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ORIGINAL RESEARCH REPORT
Year : 2022  |  Volume : 19  |  Issue : 3  |  Page : 98-103

Knowledge, attitude, and experiences of using penicillin G, as a prophylaxis for rheumatic fever and rheumatic heart diseases among nurses in Addis Ababa, Ethiopia: A cross-sectional survey


Department of Pediatrics and Child Health, School of Medicine, Addis Ababa University, Addis Ababa, Ethiopia

Correspondence Address:
Dr. Tamirat Moges Aklilu
Department of Pediatrics, School of Medicine, Addis Abeba University, Addis Abeba, Oromia
Ethiopia
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Source of Support: None, Conflict of Interest: None


DOI: 10.4103/jcls.jcls_30_21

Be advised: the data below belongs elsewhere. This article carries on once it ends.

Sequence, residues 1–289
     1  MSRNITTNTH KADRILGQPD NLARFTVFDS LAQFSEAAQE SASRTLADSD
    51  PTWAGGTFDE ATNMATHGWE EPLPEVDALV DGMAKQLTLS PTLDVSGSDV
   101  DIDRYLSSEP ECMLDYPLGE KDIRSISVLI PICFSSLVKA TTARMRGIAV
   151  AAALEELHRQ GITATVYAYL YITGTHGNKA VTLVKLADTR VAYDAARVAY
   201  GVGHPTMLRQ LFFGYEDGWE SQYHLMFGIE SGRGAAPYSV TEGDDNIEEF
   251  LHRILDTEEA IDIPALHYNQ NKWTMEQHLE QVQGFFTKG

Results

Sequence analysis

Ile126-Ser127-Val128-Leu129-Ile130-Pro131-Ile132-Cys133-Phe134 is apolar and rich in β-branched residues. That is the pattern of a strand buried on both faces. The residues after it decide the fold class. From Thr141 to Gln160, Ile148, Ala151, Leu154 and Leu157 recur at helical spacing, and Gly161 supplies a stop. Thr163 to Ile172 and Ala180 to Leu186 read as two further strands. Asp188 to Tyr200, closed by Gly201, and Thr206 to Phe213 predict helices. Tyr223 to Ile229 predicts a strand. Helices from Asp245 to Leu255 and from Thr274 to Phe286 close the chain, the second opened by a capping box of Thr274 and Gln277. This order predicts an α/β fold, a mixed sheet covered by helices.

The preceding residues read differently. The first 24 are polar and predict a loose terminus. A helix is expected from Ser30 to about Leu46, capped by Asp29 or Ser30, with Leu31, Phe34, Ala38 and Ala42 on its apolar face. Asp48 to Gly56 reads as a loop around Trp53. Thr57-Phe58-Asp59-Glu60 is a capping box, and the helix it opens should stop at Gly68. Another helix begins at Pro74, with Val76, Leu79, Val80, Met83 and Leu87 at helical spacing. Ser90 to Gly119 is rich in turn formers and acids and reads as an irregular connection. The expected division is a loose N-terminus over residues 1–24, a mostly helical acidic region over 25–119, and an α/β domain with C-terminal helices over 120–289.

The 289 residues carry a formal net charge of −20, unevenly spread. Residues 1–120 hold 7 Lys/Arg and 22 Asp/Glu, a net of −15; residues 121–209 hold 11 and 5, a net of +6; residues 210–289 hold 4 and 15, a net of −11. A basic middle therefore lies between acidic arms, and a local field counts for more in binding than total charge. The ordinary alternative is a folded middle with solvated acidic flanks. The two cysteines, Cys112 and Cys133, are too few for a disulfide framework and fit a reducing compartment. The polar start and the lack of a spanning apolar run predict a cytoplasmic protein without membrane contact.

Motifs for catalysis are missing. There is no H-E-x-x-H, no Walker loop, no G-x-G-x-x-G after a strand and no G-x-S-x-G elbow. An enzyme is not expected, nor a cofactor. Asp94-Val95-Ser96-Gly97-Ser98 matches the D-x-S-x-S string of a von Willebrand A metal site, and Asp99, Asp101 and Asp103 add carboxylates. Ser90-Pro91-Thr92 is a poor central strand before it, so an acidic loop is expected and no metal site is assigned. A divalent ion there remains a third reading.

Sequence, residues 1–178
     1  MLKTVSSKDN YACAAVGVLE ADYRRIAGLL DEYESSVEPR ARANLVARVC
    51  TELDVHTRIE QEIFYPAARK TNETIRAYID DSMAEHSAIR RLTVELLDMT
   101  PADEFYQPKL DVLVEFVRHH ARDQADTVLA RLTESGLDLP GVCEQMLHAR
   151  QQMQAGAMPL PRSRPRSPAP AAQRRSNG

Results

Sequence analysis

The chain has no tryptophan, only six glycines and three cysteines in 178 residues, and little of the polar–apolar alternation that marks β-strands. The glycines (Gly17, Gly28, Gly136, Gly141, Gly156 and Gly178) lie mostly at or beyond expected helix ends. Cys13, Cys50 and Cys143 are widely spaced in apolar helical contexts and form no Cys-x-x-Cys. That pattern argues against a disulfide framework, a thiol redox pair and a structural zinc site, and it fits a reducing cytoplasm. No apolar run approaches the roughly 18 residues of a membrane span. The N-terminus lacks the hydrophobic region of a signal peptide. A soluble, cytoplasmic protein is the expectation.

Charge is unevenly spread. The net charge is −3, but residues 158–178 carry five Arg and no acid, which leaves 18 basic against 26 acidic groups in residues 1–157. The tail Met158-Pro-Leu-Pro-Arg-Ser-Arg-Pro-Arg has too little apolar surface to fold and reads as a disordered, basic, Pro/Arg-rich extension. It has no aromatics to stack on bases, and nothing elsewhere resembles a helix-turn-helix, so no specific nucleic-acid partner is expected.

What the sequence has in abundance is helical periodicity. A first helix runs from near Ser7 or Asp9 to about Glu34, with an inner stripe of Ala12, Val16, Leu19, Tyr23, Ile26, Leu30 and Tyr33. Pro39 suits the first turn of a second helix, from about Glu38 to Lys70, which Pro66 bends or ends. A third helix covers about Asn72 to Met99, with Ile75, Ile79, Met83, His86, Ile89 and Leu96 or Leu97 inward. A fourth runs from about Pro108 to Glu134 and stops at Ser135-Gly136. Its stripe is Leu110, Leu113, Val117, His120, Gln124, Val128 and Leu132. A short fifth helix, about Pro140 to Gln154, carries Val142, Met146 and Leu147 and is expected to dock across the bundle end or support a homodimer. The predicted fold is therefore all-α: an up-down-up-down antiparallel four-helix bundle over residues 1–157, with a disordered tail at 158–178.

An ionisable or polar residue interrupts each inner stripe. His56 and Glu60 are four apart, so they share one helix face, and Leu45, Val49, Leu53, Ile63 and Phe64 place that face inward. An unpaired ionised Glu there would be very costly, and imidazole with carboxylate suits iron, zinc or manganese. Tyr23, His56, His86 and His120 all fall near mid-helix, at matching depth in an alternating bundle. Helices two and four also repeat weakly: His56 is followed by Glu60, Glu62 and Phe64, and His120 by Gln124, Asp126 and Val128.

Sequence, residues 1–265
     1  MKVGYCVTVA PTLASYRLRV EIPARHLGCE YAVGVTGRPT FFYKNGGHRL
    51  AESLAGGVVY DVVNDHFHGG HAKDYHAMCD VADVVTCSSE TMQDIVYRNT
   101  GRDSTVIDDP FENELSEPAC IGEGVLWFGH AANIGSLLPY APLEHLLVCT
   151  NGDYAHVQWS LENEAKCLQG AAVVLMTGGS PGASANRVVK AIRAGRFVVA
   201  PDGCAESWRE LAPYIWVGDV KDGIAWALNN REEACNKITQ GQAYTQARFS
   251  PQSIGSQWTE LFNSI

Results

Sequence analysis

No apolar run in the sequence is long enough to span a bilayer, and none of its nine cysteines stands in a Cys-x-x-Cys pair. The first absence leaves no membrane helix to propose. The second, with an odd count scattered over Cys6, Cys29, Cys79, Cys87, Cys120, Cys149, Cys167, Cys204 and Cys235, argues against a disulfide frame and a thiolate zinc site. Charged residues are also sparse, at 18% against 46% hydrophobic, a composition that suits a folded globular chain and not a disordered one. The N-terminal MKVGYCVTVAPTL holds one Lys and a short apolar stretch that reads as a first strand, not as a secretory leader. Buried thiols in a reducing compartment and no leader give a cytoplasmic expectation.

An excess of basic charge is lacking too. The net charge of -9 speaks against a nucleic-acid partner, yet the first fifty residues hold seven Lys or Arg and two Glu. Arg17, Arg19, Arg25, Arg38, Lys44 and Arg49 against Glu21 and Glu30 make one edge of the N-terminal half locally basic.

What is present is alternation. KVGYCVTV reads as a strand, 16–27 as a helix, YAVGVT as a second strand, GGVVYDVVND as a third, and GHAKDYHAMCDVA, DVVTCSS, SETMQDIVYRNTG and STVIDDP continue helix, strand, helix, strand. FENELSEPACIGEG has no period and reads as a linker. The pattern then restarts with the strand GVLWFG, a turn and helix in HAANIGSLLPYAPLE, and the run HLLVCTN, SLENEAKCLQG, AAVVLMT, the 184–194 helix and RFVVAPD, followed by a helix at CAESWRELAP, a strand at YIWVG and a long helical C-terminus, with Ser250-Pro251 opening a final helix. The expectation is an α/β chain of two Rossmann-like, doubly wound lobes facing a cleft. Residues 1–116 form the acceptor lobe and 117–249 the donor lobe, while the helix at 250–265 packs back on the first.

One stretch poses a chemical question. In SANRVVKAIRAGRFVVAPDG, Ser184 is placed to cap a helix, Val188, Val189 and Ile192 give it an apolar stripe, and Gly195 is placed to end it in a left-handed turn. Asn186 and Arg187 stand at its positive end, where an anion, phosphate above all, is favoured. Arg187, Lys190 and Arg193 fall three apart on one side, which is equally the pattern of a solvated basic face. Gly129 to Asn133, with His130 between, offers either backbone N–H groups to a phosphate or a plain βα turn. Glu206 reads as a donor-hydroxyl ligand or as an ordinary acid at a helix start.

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Background: The rate of benzathine penicillin G (BPG) injection to prevent rheumatic heart disease (RHD) is insufficient owing to poor knowledge and the negative attitude of health workers. We aim to investigate the gap of knowledge, attitude, and experience of clinical nurses at the primary health-care level who had not received training on rheumatic fever (RF)/RHD prevention to get information on their training need. Methods: A cross-sectional survey was conducted on clinical nurses at randomly selected health centers in Addis Ababa. After interviewing with semi-structured questionnaires, the data were analyzed on SPSS software version 25. Results: A total of 278 nurses (92% response) with a mean age of 28 years were analyzed. The knowledge scores on “organisms causing tonsillopharyngitis (TP),” “the route of administration of penicillin,” and “when to give BPG after preparation” were good (≥75%). Participants' score was poor (<50% score) in the knowledge of “duration of treatment of tonsillopharyngitis, frequency of chemoprophylaxis of RF/RHD, and the relationship between throat infection and RF.” Knowledge on “prevention of pain using lidocaine,” “warming the syringe and allowing alcohol to dry from the swab before injecting” were also good. In contrast, knowledge of “delivering injection very slowly,” “using vibration before/during injection, and “distracting patient using conversation” was poor. Attitude was positive to statements such as “single dose BPG injection given every 3–4 weeks,” “BPG injection is effective in the treatment of streptococcal pharyngitis and the prevention of RF/RHD,” “good patient – health provider relationship enables the success of prophylaxis.” and “educating patients, health-care providers and their caregivers help adherence to BPG prophylaxis. Fear of anaphylactic reaction, pain at the injection site, and blockage of the syringe during injection were the negative experiences reported. Conclusions: The knowledge of clinical nurses on the prevention of RF/RHD was generally good. However, their knowledge of safe injection techniques was partial. On the other hand, most attitude statements were positive. Fear of anaphylactic shock while injecting BPG, pain, and blockade of the syringe was the common barriers experienced.


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